We're not making sure landlords comply with even the most basic energy efficiency rules, argues Andrew Warren
For the past ten years, it has been illegal to rent or lease out any building without providing the occupier with an Energy Performance Certificate (EPC), together with a detailed energy improvement survey.
From this April, officially nobody is able to rent or lease out any building with an EPC energy rating below an E. Those with F and G ratings are simply unlettable.
Cause for celebration? After all, one of the biggest barriers to improving the energy efficiency of the building stock has long been the split incentive between the occupier and the owner. Normally, the former pays the fuel bill. But, given the short lengths of leases, has little incentive to spend to improve a building owned by somebody else.
That is why EPCs for tenants were introduced. That is why, within the first year of the Coalition government, a law was passed stating that minimum energy standards will become mandatory in rented properties.
Sweetheart deal for landlords
The very long, seven year, gestation period was intended to ensure landlords had plenty of notice to make any necessary improvements; inevitably as the start date grew closer, the more protests of prior ignorance about such "draconian" requirements were enunciated.
And I fear, listened to by government. So much so that at the last minute it was conceded that the maximum amount needed to be spent upgrading any property, no matter how large, to minimum standards would be halved. When the relevant public consultation had been launched, the proposition from government was that if you had to spend more than £5,000 bringing the building up to an E rating, you would be excused from doing so. This would have ensured that approaching half of all homes rented currently with F or G ratings would have been improved
That requirement has now been halved, to just £2,500 per premises. And, perversely, included within that ceiling is any third party funding landlords might access, such as via the Energy Company Obligation (ECO) or a Green Deal financial package.
Serious lost opportunity
The result of this absurdity is clear. On the government's own estimates, less than one-third of those buildings currently rated as Fs or Gs will be likely to be upgraded thanks to this legislation, even to the modest E standard.. Given that it is now government policy to seek to bring every home up to a C standard within the next 17 years, this really is a serious lost opportunity.
What is so perverse is that this upgrading requirement is really far from onerous: research by Parity Projects confirms that the average cost of bringing F and G properties up to Band E is only £1,421, with more than 70 per cent of properties able to reach Band E for less than £1,000.
Implementing this law is the only new energy saving initiative for the buildings sector since 2015. This is even though approaching half of all energy consumption in the UK is in buildings. So why government should be officially reckoning that this flagship policy would be so relatively ineffective is, on the face of it, puzzling.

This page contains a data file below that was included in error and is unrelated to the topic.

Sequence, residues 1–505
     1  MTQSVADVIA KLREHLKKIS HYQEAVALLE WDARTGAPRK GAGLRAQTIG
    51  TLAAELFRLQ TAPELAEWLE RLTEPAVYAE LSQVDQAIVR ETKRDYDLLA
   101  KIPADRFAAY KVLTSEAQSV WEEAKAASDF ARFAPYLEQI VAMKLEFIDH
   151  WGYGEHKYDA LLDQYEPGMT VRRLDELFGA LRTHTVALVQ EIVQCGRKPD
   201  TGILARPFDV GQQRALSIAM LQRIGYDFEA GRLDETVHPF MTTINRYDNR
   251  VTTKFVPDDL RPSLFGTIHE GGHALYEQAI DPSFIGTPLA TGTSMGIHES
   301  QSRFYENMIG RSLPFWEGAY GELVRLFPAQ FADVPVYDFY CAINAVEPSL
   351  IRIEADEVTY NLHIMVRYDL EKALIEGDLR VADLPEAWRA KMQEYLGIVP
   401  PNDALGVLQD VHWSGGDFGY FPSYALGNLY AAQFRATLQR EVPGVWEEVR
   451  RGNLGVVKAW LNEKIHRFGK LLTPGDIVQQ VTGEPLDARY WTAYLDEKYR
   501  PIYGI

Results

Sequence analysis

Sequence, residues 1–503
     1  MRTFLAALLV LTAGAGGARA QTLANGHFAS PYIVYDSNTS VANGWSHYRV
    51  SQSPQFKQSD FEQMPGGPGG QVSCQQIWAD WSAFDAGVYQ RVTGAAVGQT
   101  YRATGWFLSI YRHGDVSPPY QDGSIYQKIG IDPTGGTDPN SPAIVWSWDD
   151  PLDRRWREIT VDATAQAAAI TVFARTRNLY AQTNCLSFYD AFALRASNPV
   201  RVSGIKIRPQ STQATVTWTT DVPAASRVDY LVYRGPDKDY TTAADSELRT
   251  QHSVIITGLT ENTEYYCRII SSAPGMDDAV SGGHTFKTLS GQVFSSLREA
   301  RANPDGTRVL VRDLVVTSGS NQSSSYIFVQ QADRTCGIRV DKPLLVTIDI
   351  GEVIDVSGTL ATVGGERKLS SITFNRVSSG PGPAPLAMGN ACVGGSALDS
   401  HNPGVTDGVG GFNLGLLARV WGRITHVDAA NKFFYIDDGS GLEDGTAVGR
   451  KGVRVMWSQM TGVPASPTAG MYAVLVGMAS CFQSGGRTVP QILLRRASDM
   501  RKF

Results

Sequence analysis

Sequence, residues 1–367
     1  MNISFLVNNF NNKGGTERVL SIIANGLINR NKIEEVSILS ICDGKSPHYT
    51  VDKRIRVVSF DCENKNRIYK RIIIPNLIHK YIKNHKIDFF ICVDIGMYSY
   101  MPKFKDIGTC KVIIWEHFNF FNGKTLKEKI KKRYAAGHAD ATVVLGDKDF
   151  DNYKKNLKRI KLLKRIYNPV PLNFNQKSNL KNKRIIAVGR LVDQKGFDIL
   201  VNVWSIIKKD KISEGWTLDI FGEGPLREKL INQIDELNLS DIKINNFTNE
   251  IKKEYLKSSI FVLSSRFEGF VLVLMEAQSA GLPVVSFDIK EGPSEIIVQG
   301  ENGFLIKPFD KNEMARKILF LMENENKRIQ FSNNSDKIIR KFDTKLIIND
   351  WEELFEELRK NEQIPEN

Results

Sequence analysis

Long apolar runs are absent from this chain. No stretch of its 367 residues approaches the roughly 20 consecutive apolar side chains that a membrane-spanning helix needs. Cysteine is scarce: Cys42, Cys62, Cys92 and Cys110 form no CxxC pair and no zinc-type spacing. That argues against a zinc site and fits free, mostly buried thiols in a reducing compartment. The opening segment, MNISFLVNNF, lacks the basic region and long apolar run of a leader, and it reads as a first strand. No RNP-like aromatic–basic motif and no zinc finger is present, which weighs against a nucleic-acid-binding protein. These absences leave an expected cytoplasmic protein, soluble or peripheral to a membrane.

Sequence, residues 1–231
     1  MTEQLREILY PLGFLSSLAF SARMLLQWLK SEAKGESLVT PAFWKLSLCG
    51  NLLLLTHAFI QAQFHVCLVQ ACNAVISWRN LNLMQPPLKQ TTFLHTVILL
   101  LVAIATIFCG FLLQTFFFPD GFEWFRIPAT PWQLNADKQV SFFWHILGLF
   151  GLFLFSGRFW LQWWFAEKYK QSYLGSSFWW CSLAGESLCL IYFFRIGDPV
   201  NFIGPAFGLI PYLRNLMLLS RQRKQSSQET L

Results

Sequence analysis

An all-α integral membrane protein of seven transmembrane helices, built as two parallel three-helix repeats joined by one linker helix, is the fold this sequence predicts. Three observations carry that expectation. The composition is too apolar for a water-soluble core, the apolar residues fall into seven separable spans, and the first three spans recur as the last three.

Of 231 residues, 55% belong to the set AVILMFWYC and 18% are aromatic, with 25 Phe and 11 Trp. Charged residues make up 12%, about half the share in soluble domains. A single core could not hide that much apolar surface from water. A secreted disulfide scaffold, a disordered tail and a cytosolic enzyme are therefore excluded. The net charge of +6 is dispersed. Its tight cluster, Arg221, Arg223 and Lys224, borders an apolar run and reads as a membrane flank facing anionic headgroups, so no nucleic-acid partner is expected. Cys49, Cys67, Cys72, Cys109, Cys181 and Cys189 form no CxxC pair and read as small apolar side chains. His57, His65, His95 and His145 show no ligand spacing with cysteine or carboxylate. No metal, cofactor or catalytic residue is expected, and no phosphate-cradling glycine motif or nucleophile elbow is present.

I suspect that the clue may be found in a little-noticed Parliamentary Answer provided last November for the indefatigable Green MP for Brighton, Caroline Lucas. She had asked about levels of compliance with acquiring EPCs for rented or leased properties.
The then Housing minister, Alok Sharma, responded perfectly reasonably that "compliance with Energy Performance Certificate requirements is checked by local trading standards' bodies".
But he then went on to reveal "my Department has sought information on the number of enforcement notices issued by trading standards' bodies."
His suspicion must have been that all those charged with ensuring compliance may simply not be enforcing the law.
Non-compliance by landlords
Effectively, this negligence means that if a landlord is already failing to comply with the initial legislation, to offer a current energy rating to a new tenant, then there will be no trigger point to bother with any thought about ever upgrading it.
According to government estimates obtained via Freedom of Information procedures, just 26 per cent of domestic tenants are ever informed about the energy rating of the property they are about to inhabit. The rest are being told nothing official about the likely size of their fuel bills.
The figure for compliance with non-residential leases is a bit better - but still only 48 per cent of all transactions comply (again, information acquired via FoI requests).
Whilst there is no empirical evidence one way or the other, it might be logical to assume that a landlord who has deliberately failed to provide a prospective tenant with such basic legally required information, like an EPC, might also be rather more cavalier than most about minimising how much energy the building wastes.
No prosecutions to date
To my knowledge, no landlord has ever been prosecuted by any local authority for failing to provide an EPC.
Mr Sharma promised a full statement on enforcement levels of issuing EPCs "in due course". That commitment was made almost a year ago. Despite regular Parliamentary Questions from Caroline Lucas, that statement has still to be made. The conclusions will be published "in due course".
This policy, covering the private rented sector, is the only significant statutory initiative on energy efficiency in the entire buildings sector undertaken since the Conservatives began governing alone - over 40 months ago.
It should be made obligatory for all landlords obey the laws of the land, to help tenants enjoy lower fuel bills. Rather than just leaving it as an option that only a virtuous minority ever bother to comply with.